Former Pittsburgh Pirate Raul Mondesi is a pretty well known name in Pittsburgh, he played with the Pirates for a while. Mondesi then did the unthinkable, he got tired of being a Pirate and traded in his dirty eyepatch for a first-place Angels halo.
Mondesi is now a politician in San Cristobal, Dominican Republic. It’s also pleasant to see Raul is up to his old tricks again. He pulled an Arlen Specter and switched parties. Of course some of the political pundits aren’t big fans. He is now running for mayor of San Cristobal, the country’s sixth largest city.
Mondesi’s competiton for the mayoral seat is a politician named Jose Rijo. Yeh, that Jose Rijo, MVP of the 1990 World Series, a pitcher that Mondesi hit .333 against with a double and three K’s, and the man who was forced out of the Washington Nationals because of ”irregularites” within the Dominican baseball operation. [Here is a solid story by Bryan Curtis from March on Rijo and his 'mountain of dreams' baseball academy and perhaps an even more interesting story by Bryan Curtis on Rijo's Cigar Bar.]
Maybe all the ”irregularities” is the reason why Rijo isn’t expected to get his party’s nod on the ticket? Or maybe it’s because Mondesi switched parties and will need to be awarded for doing so? By the way, there isn’t a vote, the party leaders decide who will be on the ticket.
So you thought American politics was insane…Check out some of this hilarity from the LA Times:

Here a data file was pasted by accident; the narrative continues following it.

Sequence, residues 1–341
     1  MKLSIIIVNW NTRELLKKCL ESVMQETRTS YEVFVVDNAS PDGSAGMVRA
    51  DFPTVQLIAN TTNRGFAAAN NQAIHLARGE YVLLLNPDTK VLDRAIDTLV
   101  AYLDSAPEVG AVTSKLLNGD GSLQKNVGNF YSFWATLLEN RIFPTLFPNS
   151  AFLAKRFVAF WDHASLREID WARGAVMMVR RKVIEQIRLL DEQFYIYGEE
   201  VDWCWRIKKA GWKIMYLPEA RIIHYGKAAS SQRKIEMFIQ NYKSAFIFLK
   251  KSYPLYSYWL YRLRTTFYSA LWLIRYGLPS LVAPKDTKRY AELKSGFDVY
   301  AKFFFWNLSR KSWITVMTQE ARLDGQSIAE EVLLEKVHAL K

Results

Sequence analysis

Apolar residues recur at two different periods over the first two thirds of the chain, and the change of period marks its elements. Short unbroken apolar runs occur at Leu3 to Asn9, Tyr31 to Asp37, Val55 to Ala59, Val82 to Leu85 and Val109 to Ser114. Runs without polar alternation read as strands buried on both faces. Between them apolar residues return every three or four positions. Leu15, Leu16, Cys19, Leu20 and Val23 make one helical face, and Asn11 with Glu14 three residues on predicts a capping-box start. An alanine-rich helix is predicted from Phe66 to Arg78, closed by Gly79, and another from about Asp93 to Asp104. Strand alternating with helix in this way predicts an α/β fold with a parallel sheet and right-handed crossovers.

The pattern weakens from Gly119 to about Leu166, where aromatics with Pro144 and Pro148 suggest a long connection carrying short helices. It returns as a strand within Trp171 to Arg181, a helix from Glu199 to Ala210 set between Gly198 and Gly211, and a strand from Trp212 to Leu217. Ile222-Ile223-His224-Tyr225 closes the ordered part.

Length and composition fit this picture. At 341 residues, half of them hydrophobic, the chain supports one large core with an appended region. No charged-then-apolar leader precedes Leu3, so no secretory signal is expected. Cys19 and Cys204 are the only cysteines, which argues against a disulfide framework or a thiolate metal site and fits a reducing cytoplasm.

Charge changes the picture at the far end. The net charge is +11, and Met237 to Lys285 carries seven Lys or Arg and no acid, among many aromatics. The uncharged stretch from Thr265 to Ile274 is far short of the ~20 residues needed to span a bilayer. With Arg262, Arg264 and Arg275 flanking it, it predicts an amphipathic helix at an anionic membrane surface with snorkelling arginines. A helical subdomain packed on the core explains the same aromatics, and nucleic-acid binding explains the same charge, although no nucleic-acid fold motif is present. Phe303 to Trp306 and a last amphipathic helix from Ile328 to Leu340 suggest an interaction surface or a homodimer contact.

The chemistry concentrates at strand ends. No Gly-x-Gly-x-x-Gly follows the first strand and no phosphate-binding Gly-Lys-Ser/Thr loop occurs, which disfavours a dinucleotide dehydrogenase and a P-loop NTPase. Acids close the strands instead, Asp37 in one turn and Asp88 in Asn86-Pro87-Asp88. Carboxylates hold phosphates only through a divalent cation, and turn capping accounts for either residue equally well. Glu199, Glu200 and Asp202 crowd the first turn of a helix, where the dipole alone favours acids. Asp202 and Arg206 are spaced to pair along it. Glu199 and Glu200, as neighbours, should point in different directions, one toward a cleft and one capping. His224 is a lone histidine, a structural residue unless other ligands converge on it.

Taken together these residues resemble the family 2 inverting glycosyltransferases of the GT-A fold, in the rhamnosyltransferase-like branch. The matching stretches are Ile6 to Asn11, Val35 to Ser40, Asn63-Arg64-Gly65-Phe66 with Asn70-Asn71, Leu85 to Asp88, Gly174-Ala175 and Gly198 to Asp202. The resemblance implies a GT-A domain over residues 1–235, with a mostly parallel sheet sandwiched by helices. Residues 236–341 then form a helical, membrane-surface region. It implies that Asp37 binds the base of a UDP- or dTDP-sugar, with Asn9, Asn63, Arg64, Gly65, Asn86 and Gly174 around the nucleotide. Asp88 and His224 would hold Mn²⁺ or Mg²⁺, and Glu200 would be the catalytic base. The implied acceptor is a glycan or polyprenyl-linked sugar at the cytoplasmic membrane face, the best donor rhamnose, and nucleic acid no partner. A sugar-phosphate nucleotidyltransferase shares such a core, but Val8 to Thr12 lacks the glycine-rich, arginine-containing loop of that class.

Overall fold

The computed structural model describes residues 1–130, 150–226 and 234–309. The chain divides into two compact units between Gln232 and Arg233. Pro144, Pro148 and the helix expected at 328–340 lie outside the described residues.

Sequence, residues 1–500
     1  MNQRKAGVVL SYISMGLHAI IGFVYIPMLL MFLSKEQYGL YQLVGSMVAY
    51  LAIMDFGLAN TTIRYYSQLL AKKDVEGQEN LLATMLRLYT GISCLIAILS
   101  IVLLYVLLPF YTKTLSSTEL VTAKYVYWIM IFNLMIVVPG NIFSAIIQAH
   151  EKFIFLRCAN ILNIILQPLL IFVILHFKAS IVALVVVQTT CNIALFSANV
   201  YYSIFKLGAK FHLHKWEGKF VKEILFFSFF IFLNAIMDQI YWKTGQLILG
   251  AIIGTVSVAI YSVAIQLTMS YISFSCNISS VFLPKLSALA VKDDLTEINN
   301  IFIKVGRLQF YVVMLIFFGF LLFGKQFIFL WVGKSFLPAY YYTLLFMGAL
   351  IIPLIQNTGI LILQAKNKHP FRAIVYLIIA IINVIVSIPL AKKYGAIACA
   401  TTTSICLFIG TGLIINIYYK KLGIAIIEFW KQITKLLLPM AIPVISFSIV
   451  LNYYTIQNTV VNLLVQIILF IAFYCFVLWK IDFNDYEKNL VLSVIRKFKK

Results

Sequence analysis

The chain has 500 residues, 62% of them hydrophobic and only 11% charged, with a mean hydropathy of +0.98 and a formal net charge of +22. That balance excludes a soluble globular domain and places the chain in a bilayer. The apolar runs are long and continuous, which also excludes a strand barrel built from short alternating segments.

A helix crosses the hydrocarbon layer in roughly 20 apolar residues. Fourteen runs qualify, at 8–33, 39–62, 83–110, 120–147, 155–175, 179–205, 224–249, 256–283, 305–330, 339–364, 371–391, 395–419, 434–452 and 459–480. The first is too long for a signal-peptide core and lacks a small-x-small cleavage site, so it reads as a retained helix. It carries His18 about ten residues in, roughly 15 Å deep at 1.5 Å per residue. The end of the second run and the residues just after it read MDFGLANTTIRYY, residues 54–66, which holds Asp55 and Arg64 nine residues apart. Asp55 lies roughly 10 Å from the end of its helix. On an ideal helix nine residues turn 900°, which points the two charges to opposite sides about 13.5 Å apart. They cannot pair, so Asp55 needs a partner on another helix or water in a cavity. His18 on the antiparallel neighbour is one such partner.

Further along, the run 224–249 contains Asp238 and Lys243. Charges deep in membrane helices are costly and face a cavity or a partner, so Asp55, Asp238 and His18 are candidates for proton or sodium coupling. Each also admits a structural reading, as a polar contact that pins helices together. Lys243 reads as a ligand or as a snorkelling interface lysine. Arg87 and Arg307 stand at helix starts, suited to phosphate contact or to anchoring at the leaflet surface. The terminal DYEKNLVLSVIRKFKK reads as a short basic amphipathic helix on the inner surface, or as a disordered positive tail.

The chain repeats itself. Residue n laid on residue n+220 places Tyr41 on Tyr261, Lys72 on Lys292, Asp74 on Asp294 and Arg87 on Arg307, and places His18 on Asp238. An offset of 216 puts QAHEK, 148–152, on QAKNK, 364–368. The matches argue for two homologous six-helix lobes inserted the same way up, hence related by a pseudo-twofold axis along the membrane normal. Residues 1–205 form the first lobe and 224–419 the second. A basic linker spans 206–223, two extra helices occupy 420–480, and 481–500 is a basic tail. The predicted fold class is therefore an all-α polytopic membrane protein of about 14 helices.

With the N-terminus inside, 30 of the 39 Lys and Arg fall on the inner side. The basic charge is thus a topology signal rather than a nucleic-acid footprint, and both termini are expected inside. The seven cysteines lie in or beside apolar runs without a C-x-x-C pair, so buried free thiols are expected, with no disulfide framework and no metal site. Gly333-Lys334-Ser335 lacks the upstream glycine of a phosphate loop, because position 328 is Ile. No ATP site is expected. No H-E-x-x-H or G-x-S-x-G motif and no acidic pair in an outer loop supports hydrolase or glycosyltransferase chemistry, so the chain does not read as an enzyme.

“His intellectual shortcomings are obvious,” one political observer notes. “We don’t know of one project that Raul Mondesi has submitted.”
First elected in 2006 to the Chamber of Deputies — the Dominican equivalent of the U.S. House of Representatives — as a member of President Leonel Fernandez’s Dominican Liberation Party, or PLD, Mondesi jumped to the opposition Dominican Revolutionary Party, or PRD, during his second term.
Mondesi was rewarded with the backing of some heavy hitters as his politcal advisors after he switched parties. The advisors helped him during a recent meeting. The advisors…
arrived for a campaign meeting at Mondesi’s nightclub and car wash recently wearing crisp white polo shirts with the candidate’s name on them. Mondesi, looking as trim and fit as he did during three consecutive 30-home-run seasons with the Dodgers a decade ago, arrived nearly an hour later in a glistening white Mercedes S600, wearing a button-up shirt and a fishing hat and wanting to talk about alleviating poverty.
“Most of the people, they don’t have anything,” said Mondesi, who grew up in crushing circumstances just a few miles away. “I know what they need, how they feel.”
Asked for specifics, however, and the closest he comes to a campaign pledge is repeating a desire to build a basketball court in every neighborhood.
“The first thing,” said Mondesi, who didn’t study beyond grade school, “is to try to show the young people how to play sports.”
Rijo and Mondesi, who combined made more than $100 million in their baseball careers, live on the edge of town in neighboring mansions, surrounded by 8-foot-high walls topped with concertina wire and protected by armed guards. And that’s not all they have in common. Three years ago, they were both hit with heavy fines for rigging illegal connections to their homes that allowed them to use electricity without paying for it.